While cost to the public purse is important recognise that abnormally low pricing could signal the contract is unlikely to be properly performed; unfairly undercutting domestic providers may result in job losses with significant economic and social impacts on affected communities. The provisions of PCR Regulations 68, Life-cycle costing and 69, Abnormally low tenders are designed to support contracting authorities to assess the best overall bid.

5. Legislation

6. Timing

This WPPN is effective from the date of publication 10/02/2021 until it is superseded or cancelled.

7. Additional information

UK Steel Charter on MAKE.UK

8. Contact details

Commercial Policy – Polisi Masnachol : CommercialPolicy@gov.wales  or PolisiMasnachol@llyw.cymru

9. References

Annex 1: Sample contract condition

Obligation to advertise supply chain opportunities 

1. The supplier shall ensure that all sub-contracts, which the supplier intends to procure following date of this contract, and which the supplier has not, before the date of this contract, already awarded to a particular sub-contractor, are: 

  1. Advertised on Sell2Wales.gov.wales, and 
  2. Awarded following a fair, transparent and competitive process proportionate to the nature and value of the sub-contract. 

2. Any sub-contract awarded by the supplier pursuant to Clause 1 must contain suitable provisions to impose, as between the parties of the sub-contract: 

  1. requirements to the same effect as those in Clause 1, and 
  2. a requirement for the sub-contractor to include in any sub-contract which it in turn awards, suitable provisions to impose, as between the parties to that sub-contract, requirements to the same effects as those required by this Clause 2.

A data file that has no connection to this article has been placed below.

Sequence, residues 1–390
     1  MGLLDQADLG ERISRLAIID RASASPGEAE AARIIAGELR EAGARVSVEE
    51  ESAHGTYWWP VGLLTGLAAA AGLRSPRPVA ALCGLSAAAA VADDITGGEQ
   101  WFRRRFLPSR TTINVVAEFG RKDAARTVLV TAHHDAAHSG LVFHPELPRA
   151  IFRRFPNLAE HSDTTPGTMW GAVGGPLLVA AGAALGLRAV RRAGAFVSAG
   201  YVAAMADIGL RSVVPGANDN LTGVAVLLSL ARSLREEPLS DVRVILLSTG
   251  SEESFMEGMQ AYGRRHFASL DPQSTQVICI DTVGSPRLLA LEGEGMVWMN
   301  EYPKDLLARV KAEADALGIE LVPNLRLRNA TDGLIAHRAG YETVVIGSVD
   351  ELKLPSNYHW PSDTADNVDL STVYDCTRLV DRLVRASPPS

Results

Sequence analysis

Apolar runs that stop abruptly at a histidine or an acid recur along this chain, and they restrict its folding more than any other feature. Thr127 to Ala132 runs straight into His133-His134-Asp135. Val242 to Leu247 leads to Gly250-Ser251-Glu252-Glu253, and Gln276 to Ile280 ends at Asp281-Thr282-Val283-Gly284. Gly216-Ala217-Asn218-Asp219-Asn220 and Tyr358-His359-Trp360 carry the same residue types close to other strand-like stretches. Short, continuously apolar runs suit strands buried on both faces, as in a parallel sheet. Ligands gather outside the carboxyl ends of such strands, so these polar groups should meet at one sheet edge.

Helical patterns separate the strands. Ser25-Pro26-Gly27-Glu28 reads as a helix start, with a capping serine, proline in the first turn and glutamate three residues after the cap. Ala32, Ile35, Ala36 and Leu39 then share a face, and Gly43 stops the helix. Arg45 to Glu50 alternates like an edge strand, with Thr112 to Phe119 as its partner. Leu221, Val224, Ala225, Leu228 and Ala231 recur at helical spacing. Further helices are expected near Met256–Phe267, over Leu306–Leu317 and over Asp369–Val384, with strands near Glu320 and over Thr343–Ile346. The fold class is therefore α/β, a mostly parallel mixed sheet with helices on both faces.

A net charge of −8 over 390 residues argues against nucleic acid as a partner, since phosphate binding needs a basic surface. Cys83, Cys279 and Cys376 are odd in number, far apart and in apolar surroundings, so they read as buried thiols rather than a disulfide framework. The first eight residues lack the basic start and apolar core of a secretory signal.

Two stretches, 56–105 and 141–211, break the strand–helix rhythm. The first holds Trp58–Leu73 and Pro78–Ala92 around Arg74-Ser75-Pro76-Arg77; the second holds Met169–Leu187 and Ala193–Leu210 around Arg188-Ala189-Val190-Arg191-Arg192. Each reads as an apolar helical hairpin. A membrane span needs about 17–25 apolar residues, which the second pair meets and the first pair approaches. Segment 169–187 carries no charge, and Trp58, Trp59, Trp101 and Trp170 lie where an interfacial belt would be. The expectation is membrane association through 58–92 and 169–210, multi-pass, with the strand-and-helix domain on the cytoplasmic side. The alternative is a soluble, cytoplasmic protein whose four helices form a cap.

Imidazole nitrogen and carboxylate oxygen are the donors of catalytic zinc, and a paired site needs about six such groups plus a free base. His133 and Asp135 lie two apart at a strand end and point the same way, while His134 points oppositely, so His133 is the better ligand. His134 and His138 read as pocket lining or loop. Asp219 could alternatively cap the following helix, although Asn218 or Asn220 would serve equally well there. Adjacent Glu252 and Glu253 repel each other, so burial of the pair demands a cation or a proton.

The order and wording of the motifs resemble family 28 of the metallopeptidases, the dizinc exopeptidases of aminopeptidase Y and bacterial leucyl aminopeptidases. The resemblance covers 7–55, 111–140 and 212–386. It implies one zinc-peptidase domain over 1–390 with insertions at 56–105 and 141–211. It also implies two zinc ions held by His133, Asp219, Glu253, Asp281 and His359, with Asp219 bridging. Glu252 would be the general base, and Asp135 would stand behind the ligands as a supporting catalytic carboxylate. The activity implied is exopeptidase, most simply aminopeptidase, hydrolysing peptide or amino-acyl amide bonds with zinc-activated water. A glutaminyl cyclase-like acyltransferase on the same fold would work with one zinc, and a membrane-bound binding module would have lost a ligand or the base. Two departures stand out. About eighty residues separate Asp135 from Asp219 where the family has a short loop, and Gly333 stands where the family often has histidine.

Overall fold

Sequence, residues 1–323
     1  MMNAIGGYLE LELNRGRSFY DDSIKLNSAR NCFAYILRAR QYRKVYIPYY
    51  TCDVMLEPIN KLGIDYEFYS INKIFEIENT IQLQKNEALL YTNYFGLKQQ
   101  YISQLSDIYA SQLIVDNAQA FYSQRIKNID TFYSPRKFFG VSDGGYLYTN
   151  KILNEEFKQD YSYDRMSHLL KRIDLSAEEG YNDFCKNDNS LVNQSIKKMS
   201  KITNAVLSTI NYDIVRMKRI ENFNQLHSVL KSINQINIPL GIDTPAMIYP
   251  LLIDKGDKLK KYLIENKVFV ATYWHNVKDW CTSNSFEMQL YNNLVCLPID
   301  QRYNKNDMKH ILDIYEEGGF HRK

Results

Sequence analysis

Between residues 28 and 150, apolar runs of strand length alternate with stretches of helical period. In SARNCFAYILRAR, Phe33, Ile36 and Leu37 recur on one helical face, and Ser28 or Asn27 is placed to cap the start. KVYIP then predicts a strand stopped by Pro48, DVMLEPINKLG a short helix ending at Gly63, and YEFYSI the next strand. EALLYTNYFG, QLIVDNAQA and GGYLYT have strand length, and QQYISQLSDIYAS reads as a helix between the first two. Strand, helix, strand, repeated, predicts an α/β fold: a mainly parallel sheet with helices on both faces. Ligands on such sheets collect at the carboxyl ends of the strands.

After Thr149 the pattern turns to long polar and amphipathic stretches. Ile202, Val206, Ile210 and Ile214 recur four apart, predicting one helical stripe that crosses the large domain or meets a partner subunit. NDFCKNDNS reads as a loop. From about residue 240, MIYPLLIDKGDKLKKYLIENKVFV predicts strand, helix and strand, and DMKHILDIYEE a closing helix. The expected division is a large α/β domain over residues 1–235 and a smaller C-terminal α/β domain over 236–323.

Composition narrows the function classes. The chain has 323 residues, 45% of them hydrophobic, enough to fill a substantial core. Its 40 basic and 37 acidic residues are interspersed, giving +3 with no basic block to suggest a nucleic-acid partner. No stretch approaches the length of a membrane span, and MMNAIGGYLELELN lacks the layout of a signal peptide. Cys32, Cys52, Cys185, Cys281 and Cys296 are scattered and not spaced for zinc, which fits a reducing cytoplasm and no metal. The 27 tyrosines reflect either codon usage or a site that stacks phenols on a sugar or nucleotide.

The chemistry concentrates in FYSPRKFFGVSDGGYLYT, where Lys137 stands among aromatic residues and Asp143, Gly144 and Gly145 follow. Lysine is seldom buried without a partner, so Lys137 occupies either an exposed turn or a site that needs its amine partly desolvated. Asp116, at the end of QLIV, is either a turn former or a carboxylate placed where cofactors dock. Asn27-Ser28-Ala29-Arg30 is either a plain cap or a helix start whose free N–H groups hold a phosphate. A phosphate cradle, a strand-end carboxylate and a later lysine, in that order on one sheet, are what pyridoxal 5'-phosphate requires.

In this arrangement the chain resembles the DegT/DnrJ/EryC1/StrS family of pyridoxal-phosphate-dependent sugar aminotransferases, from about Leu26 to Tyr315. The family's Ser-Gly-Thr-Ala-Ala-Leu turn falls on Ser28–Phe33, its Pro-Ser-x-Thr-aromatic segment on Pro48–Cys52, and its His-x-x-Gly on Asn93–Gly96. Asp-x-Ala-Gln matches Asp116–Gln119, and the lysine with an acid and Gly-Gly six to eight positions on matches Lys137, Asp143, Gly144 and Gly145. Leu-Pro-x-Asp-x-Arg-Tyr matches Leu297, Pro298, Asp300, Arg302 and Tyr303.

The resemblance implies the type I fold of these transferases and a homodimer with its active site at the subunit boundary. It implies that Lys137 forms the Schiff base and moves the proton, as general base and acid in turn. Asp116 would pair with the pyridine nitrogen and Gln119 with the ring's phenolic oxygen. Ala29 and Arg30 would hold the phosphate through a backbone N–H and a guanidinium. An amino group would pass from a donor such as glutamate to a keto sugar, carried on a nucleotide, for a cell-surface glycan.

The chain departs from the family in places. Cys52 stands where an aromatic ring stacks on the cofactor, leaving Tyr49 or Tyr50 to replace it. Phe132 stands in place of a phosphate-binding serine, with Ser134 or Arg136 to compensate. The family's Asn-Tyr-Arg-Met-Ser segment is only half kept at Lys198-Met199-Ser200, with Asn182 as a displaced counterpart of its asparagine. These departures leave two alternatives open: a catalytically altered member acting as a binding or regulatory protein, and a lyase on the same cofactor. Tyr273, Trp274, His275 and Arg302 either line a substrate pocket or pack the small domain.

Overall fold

3. For the purposes of Clauses 1 and 2, “sub-contract” means a contract between two or more suppliers, at any stage of remoteness from the Authority in a subcontracting chain, made wholly or substantially for the purpose of performing or contributing to the performance of the whole or any part of this contract and “sub-contractor” means any third party with whom 

  1. the supplier enters into a sub-contract, or 
  2. a third party under (a) enters into a sub-contract, or the servants or agents of that third party. 

Source: Procurement Policy Note - Procuring Steel in Major Projects Action Note 16/15 30 October 2015 (Crown Commercial Service)

Annex 2: Pre-qualification / Selection stage questions

The following are pre-qualification / Selection Stage questions that can be used to test anti-dumping, health and safety and compliance with social, labour and environmental law.

Anti-dumping (steel and steel products)

Question 1: Do you take steps to ensure that members of your supply chain do not contravene anti-dumping legislation?

By “members of your supply chain” we mean suppliers or sub-contractors of any tier or consortium members or partners or any other entity (including your own company or members of your company’s group) from whom you propose to source steel to fulfil this contract.

Answer

Yes or No

Guidance

The buyer may not select you to tender unless you can show adequate processes for ensuring that all steel and steel products sourced by you for this contract will comply with anti-dumping legislation.

The relevant legislation is set out in COUNCIL REGULATION (EC) No 1225/2009 of 30 November 2009 on protection against dumped imports from countries not members of the European Community

Question 1(a): If the answer to question 1 above is “Yes”, provide a brief outline of the steps that you take.

Answer

Text, 300 words max.

Guidance

The buyer may not select you to tender unless you can show adequate processes for ensuring that all steel and steel products sourced by you for this contract will comply with anti-dumping legislation. For instance, the steps that you take might include establishing the comparable price in the exporting country (such as market research, or checking production costs) and checking whether this is greater than the export price to the EU.